Its first chapter closes as Mattie recounts her father's death, how he is robbed by Tom Chaney while on-lookers simply watch, then scatter. "...when he finished his thieving he raced to the end of the street and struck the night watchman at the stock barn a fierce blow to the mouth with his rifle stock, knocking him silly. He put a bridle on Papa's horse Judy and rode out bareback. Darkness swallowed him up. He might have taken the time to saddle the horse or hitched up three spans of mules to a Concord stagecoach and smoked a pipe as it seems no one in that city was after him. He had mistaken the drummers for men. 'The wicked flee when none pursueth.'"
I am not a reviewer. I am able to say what I like and why but have no capacity for detached evaluation. This is the comment I left to Antares-Cryptos' post about the dearth of foreign, independent and original movies such as we once enjoyed in profusion. To write about True Grit had been on my mind since seeing the DVD several weeks ago. Boiled down to comment size, it says what I intended. Further expounding seems almost unnecessary.
Even though it had Academy Award nominations, the remake (yes, I know) of TRUE GRIT had so many elements that attract me to a film...the cinematography/direction, the way the landscape becomes a character, an integral part of the movie; Carter Burwell's music, which weaves old hymns with new composition, gives a sense of an unstated yet abiding peace while the action is far from peaceful. And intelligent, uniquely phrased language spoken by actors who clearly understood what they were saying. I intend to do a post about it, but perhaps that ship has already sailed. I never defend remakes. This is, for me, rare and exceptional.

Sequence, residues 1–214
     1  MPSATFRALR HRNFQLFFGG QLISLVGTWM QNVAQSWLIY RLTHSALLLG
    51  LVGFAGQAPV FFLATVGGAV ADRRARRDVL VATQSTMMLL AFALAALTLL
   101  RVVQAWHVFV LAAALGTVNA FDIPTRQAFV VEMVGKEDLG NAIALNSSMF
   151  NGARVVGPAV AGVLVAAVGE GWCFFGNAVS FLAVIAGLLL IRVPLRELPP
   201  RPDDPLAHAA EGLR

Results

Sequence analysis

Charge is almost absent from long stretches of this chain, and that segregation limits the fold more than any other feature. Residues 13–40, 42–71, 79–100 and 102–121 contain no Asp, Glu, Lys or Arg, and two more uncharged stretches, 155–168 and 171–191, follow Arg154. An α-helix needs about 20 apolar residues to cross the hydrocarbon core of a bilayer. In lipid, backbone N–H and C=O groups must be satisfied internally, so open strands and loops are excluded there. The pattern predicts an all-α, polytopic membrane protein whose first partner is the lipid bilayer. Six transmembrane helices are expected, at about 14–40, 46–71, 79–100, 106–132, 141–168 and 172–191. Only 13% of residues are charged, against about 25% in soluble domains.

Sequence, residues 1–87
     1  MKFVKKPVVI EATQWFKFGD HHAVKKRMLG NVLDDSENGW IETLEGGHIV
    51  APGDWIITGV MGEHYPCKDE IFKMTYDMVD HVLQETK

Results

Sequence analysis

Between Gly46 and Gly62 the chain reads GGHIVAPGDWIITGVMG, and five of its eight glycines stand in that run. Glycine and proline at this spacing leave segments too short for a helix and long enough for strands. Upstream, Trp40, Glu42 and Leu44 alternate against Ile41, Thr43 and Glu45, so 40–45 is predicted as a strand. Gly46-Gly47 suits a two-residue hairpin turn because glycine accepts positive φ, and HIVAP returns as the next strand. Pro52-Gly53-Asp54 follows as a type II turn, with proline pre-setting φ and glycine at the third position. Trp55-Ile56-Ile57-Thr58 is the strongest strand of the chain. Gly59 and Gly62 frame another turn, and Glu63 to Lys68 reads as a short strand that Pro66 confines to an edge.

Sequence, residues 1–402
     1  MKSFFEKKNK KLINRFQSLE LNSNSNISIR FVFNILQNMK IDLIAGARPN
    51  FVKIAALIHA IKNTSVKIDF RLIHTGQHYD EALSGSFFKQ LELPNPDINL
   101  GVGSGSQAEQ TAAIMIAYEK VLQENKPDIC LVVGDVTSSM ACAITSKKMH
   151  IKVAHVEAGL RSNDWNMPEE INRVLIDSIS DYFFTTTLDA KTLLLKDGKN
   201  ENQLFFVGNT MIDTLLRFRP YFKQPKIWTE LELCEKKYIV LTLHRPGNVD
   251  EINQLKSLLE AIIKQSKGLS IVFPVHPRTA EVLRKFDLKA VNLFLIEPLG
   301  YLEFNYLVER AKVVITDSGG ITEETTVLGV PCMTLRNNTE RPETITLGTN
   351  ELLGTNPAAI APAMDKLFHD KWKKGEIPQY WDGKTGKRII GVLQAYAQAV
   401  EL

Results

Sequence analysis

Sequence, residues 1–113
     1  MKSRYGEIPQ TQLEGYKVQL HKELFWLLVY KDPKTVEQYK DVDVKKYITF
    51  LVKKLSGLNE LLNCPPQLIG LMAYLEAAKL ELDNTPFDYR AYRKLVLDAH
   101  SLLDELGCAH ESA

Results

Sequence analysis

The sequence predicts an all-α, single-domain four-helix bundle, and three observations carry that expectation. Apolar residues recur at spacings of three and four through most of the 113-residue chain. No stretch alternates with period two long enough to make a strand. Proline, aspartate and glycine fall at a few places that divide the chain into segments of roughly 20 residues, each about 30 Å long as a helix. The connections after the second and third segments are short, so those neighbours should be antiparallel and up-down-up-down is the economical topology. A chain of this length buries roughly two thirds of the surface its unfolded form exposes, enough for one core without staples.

Much of my knowledge of the west comes from movies, the ones directed by John Ford in particular. The Searchers, released in 1956, while told from a viewpoint of the time regarding who were the good guys and who were the bad, communicated the vastness, the loneliness of what is still, in part, untamed land. Cinematographer Winton D. Hoch, who won three Oscars for other films, seemed ideally matched with Ford in letting the camera tell so much of what motivated, or drove, the characters, especially with the scenes in Monument Valley. I follow one Montana blog writer, whose photos and text convey how little-changed some of this country remains. I do not know those spaces, nor the prairies, first hand.
What I do know, or should I say believe, is that character is shaped by place. The people we meet in True Grit, for good or ill, are the products of their roots in the land and the lives it prescribed for them: politics of the Civil War, crops and livestock, encroaching civilization, expedient and lawless paths, terrain-specific wisdom, and courage. Director of photography, Roger Deakins, was also D.P. on The Assassination of Jesse James by the Coward Robert Ford , another example of the camera giving voice to its own narrative on the way of things.